Chef Jeremy Charles doesn’t strike me as someone who enjoys the limelight. He addresses Pay Chen, the host of tonight’s event at Toronto’s George Brown College, directly when she asks him questions. He often looks down thoughtfully but doesn’t really pan over to us, the audience. Nevertheless, I’m still enthralled as he describes the beauty of Newfoundland.
He paints the scene of a typical September evening in St. John’s; whales swimming by against the setting sun, carp fish swimming around your feet while you enjoy fresh berries. It sounds delightful and he’s 80 per cent convinced me to move to St. John’s, Newfoundland.
As he describes the menu at Raymonds (his St.John’s restaurant since 2010), I’m even more convinced that I should make the trip over to the East Coast. Raymonds offers a unique experience, not just for Newfoundland or St. John’s but for diners from across the country. In 2011, Raymonds was honoured as the “Best in Canada” by enRoute Magazine. Most recently it was number 12 on Canada’s Best 100 list.
Raymonds highlights the local terroir of the province by using ingredients found in its backyard. Ingredients like whelk, cod, lobster, and even wild game meats like seal. Part of what makes Raymonds so special is the fact that it’s so ingrained in the community. Chef Jeremy buys game meats from St. John’s hunters and fish from local fishers, leveraging the expertise and experience of those who call St. John’s home.
Chef Jeremy laughs as he talks about “being the townie” working with the “bayman.” Townie” is the name they give the residents of the city. “Bayman” the descriptor they give those who live out in the countryside, living off the land, being self-sufficient. Jeremy likes to say that he’s “half-bayman, half-townie,” he goes hunting and fishing with the locals to source his ingredients.
Interestingly, in most provinces in Canada, serving hunted game meat in restaurants is illegal. However, Newfoundland regulations allow chefs to purchase hunted meats to serve customers. Chef Jeremy believes that a restaurant, and its dishes, are only as good as their ingredients, so it makes sense that he goes straight to the source and has firsthand knowledge of what his restaurant is serving. Even as a teen, Jeremy proved his worth by working with fly fishers in the summer and selling cod tongues.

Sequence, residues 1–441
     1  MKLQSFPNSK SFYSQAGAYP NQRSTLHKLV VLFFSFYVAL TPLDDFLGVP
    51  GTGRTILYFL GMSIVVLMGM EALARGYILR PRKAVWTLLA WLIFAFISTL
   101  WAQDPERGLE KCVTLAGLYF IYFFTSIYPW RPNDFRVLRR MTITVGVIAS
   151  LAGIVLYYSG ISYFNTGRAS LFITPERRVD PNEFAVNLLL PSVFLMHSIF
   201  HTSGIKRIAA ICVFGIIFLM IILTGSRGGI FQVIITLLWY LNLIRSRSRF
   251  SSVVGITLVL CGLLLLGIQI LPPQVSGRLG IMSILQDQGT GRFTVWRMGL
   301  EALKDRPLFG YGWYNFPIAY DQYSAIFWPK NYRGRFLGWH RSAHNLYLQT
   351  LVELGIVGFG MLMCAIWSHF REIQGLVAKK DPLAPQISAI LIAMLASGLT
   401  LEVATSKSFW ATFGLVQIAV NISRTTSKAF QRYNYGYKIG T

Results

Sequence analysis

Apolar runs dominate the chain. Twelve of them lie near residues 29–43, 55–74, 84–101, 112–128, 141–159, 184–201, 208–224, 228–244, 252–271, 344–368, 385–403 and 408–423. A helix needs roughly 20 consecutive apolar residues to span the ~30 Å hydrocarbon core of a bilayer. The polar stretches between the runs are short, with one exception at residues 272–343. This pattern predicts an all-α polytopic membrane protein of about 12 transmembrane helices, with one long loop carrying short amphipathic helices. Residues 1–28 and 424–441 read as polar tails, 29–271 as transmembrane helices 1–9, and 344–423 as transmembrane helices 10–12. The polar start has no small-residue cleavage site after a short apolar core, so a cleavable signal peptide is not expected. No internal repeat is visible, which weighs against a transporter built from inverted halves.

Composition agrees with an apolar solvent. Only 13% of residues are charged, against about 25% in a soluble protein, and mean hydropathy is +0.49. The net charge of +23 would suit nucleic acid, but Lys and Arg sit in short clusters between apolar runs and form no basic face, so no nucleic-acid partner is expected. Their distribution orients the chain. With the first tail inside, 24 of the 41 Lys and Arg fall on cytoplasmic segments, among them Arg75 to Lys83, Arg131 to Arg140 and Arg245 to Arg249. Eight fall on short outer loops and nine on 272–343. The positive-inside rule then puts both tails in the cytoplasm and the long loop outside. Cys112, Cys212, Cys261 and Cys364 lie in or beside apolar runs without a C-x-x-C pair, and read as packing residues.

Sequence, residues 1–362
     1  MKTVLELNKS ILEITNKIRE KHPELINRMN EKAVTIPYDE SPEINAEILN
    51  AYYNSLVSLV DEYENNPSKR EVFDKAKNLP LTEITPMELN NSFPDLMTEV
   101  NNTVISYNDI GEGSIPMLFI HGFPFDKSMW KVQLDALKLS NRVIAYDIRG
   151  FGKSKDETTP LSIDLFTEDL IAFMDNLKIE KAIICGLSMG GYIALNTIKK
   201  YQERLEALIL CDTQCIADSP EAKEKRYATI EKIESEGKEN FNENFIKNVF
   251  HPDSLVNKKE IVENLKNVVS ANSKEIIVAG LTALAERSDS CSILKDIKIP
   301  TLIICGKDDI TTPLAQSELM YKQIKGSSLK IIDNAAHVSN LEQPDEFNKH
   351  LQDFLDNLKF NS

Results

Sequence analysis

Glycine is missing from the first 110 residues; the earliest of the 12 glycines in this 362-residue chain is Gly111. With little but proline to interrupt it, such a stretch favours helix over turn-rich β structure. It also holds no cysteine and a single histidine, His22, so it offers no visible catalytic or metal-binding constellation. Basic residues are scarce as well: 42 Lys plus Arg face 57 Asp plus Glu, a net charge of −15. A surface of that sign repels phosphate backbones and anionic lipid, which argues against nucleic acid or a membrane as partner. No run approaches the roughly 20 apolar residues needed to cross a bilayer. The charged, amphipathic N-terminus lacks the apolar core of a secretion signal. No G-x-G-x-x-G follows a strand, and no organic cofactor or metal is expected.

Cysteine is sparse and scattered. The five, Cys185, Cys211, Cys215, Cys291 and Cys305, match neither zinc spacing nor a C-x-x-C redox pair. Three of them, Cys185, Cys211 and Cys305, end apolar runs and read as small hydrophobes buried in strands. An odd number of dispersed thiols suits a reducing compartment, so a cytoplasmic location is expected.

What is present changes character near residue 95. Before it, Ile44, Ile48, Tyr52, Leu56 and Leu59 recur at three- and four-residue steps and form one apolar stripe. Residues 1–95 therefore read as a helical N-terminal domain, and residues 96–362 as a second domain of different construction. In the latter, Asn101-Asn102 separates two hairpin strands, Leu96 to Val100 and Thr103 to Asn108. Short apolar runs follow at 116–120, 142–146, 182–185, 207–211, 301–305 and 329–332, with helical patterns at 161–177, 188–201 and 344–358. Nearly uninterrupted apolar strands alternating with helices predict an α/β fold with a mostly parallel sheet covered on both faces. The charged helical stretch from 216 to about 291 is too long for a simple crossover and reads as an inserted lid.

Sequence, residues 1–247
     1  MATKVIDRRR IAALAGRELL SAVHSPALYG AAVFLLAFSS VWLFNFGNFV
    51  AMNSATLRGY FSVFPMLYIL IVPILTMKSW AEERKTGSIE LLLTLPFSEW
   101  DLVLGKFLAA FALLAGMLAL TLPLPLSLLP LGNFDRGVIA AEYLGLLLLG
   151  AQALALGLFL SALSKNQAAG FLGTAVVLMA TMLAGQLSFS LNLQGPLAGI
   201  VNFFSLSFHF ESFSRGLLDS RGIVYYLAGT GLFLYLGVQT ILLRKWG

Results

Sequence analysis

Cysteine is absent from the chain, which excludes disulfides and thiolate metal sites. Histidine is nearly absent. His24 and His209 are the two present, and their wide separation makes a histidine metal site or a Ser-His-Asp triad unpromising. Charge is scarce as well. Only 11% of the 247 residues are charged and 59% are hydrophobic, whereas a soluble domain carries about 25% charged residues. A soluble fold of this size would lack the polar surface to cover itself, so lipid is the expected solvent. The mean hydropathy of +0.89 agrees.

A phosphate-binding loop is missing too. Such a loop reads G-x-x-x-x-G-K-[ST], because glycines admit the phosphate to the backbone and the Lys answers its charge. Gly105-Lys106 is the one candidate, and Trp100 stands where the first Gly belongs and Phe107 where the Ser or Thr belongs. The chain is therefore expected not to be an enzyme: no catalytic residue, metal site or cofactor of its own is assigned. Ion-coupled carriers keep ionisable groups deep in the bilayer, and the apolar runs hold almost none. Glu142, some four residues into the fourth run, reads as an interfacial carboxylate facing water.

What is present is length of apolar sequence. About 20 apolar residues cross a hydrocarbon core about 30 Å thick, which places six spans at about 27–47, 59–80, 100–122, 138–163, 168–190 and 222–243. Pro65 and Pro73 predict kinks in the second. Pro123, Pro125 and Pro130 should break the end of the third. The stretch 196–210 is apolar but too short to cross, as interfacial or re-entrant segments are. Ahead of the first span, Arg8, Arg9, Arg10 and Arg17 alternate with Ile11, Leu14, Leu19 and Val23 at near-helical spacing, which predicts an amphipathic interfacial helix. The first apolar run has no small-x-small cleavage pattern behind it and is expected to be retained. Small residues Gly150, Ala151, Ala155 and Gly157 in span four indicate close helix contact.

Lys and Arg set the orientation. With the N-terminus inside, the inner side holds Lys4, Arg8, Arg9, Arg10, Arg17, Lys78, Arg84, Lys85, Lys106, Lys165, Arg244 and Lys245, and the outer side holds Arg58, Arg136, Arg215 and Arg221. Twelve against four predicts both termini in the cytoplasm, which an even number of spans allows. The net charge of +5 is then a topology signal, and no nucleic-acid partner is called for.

This collaboration with the community is reflected in Jeremy Charles’ new cookbook, Wildness. Chef Jeremy says part of the reason he wanted to write the book was to highlight the stories and people behind the plates. Hunting and fishing isn’t easy work and it can be dangerous. Fishers and hunters risk their lives to bring food to the end consumer, but as the customer dining in the restaurant, we don’t see this part of the process. Wildness’ celebrates those unseen, who deliver us our food.
Wildness features the quintessential Newfoundland dishes that Raymonds is known for. Beyond shining a light on the locals, the cookbook also showcases Newfoundland cuisine is and brings it to a level, giving it the respect it deserves.
In some cases, though these ingredients (like whelk, sea urchin, and razor clams) are produced and native to the St. John’s area, locals are unfamiliar with them. Chef Jeremy speaks about the ingredients and dishes that he now serves in his acclaimed restaurant that were once considered to be cheap alternatives for those who couldn’t afford meats like chicken, or pork. Chef Jeremy explains that growing up, nobody wanted to be the kid in school with the lobster roll for lunch.
In fact, this disdain for local foods would follow Jeremy as he began his career as a chef. Jeremy left St. John’s to continue honing his cooking skills and went to work in Montreal, then Chicago. It was while working in Chicago that Jeremy saw the ingredients that he had once considered undesirable, coming into the kitchen where he worked. These ingredients like whelk, sea urchin, and razor clams were being imported from Canada to Chicago to be served in a high-end dining environment.
Jeremy realized that special or fine dining didn’t necessarily mean imported; that he could create an exceptional dining experience with ingredients from his own city.
Jeremy travelled back to St. John’s determined to showcase the exceptional taste of terroir from land and sea that Newfoundland had to offer. The magic of Newfoundland truly comes through in his writing and in the recipes. From the moose heart tartare to the pan-fried cod tongue, what makes the region so special is exemplified in Wildness.
As Canadians, it’s in our nature to apologize and this comes across in our own cuisine, as we shrink away from the local ingredients. However, Raymonds and Wildness boast the local fare and make no apologies.
Photos by John Cullen, courtesy of Phaidon